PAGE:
If you’re among the 36 million people in the U.S. who have migraines, you know that it’s important to learn what you can do to manage these often debilitating headaches. Working with your doctor, you can develop a personalized plan to manage migraine triggers, reduce the frequency of these attacks and find treatments that provide relief from pain and other symptoms.
The symptoms of a migraine attack can range from moderate to severe and can include pain on one side of the head, throbbing pain, sensitivity to light, sounds, and smells, nausea and vomiting, blurred vision, diarrhea, and light-headedness or fainting. Attacks can last for hours or days, with the typical migraine lasting four to 72 hours.
While no definitive cause has been identified, researchers have found that these headaches can be linked to expansion of blood vessels in the brain, changes in the brainstem and how it interacts with the trigeminal nerve (a major pain pathway), and changes in dopamine and serotonin levels.
New research suggests that migraine may not be solely a blood vessel disorder, rather it can be understood as a sensory perceptual disorder because of the effect that it has on sight, sound, smell and hearing. During migraine attacks, researchers noted that people also frequently experience trouble concentrating, changes in appetite, mood changes, and alterations in sleep patterns.
Scientists have also discovered several genes that may be linked to migraine, which may be why four out of five people with migraine have a family history of this type of headache. In addition, some studies have linked being overweight with an increased risk of migraine.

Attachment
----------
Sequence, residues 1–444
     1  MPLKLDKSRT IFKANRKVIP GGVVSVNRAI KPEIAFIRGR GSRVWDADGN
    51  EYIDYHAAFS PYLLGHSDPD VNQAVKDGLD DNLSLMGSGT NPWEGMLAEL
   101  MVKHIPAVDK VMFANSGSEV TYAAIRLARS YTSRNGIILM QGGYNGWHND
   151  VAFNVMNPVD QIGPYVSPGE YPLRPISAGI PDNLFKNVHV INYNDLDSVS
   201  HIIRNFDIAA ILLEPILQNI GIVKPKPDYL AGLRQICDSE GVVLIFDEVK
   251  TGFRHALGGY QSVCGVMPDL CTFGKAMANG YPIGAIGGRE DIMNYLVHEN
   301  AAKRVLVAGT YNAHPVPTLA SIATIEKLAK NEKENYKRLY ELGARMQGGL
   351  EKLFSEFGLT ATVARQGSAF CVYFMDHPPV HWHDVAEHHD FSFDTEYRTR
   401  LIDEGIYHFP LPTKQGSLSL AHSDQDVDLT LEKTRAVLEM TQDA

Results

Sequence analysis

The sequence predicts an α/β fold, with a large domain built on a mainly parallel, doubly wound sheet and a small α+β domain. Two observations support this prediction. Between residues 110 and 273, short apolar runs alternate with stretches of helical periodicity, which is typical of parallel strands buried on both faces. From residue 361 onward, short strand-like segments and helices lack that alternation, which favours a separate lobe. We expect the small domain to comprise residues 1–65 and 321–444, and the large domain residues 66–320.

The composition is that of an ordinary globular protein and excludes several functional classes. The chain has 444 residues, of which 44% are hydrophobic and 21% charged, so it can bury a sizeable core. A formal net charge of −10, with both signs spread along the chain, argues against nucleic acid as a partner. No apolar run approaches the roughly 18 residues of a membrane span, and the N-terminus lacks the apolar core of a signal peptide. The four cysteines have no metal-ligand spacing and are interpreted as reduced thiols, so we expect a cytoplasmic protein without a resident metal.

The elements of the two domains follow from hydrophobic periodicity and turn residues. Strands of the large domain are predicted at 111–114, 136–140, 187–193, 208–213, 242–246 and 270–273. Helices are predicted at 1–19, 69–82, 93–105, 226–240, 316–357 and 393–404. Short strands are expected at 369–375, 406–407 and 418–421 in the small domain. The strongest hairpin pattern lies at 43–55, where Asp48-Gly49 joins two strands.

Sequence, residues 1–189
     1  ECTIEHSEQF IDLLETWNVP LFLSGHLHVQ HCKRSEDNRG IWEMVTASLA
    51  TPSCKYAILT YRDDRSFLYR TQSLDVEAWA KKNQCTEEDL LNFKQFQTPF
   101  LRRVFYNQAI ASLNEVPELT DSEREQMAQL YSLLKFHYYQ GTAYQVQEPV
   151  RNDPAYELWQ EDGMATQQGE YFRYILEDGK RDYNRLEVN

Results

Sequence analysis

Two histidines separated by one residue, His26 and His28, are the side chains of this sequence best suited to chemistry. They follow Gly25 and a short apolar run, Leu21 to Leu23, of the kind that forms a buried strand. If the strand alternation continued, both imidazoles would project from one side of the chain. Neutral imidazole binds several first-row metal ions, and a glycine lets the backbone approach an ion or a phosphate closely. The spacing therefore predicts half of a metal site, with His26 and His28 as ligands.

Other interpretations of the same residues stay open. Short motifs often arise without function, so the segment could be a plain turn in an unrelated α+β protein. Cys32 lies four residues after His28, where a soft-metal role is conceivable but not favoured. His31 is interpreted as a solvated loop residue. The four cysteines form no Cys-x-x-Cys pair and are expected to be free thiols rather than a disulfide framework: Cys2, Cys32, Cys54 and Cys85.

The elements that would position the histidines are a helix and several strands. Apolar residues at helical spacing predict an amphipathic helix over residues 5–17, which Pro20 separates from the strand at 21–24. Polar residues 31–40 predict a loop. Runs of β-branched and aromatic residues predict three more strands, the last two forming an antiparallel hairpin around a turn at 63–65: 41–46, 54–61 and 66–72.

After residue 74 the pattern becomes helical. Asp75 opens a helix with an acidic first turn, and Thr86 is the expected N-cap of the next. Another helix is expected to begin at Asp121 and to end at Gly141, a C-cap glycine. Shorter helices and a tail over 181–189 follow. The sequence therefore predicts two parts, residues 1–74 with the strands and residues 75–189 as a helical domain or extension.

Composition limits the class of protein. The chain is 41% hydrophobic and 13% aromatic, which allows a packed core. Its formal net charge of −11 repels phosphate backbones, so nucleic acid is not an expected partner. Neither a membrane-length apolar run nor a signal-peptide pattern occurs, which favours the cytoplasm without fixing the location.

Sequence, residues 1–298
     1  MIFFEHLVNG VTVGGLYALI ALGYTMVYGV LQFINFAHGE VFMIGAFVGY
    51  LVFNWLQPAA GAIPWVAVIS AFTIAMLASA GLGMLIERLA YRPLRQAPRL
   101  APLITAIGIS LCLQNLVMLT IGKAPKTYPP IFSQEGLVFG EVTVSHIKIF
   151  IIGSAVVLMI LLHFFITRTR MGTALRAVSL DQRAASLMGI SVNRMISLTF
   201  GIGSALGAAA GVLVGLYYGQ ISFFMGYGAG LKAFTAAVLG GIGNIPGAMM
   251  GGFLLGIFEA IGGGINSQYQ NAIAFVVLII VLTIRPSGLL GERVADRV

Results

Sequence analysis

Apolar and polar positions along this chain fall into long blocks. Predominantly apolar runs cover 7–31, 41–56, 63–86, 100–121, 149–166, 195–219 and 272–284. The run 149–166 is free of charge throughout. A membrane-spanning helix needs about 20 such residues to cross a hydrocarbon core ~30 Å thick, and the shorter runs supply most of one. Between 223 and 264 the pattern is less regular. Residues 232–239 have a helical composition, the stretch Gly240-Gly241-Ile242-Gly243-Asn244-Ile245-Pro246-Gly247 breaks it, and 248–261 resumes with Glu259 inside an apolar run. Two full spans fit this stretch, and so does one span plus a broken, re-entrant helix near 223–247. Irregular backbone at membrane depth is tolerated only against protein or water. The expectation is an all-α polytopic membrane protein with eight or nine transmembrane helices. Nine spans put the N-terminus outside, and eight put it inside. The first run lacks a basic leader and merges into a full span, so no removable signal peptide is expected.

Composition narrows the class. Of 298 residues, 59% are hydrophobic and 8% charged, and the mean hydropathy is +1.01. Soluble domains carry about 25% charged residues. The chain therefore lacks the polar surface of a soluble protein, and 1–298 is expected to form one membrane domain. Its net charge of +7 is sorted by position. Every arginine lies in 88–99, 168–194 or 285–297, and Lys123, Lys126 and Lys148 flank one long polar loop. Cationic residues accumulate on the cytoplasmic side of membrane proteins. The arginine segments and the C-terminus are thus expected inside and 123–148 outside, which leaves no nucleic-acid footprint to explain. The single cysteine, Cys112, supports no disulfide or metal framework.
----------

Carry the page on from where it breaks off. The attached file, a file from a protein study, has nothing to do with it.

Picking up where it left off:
A number of migraine “triggers” have been identified, including:
• Changing estrogen levels
• Certain foods and food additives
• Skipping a meal or fasting
• Bright light and loud noise
• Some scents
• Physical exertion
• Disruption of sleep patterns
• Changes in barometric pressure
• Some medications, including oral contraceptives and vasodilators
Build a personalized prevention and treatment strategy
In addition to prescribing medications to prevent and stop migraine headaches, your physician can help you identify your triggers and lifestyle factors that may increase the number of migraines you experience.
One lifestyle change that may help is changing what and when you eat. Researchers have found that a drop in blood sugar precedes the onset of migraine in some patients. To avoid swings in blood sugar, physicians recommend avoiding sugar, refined carbohydrates, caffeine and alcohol. They also suggest eating several small meals a day to maintain a more consistent blood sugar level.
Food allergies may also trigger migraine. Studies have found associations between salt intake and drinking cows’ milk and migraine. Other potential food triggers uncovered by researchers include the artificial sweetener aspartame and tyramine, a natural compound found in a range of aged, dried, cured, or fermented foods such as soy sauce, salami, and cheese.
New treatments to ask your doctor about
There are a number of promising new treatments in development. One recent study found that a minimally invasive, trans nasal, image-guided application of lidocaine to a group of nerves situated behind the nose known as the sphenopalatine ganglion provided ongoing relief even after the lidocaine wore off. Thirty days after the treatment, patients reported that their pain levels were 36 percent lower than before treatment and 88 percent said they were using less or no migraine medication.
Another new approach to migraine management was approved by the FDA last year—a battery-powered headband that delivers an electrical signal through the skin to the trigeminal nerve. In a study, the device prevented migraine in 67 percent of trial participants.
Making a health advisor part of your team can help you find a specialist with expertise in treating migraine and help you stay abreast of the latest, evidence-based treatment approaches to lower the number of migraine attacks you have and relieve the pain of the headaches that do occur.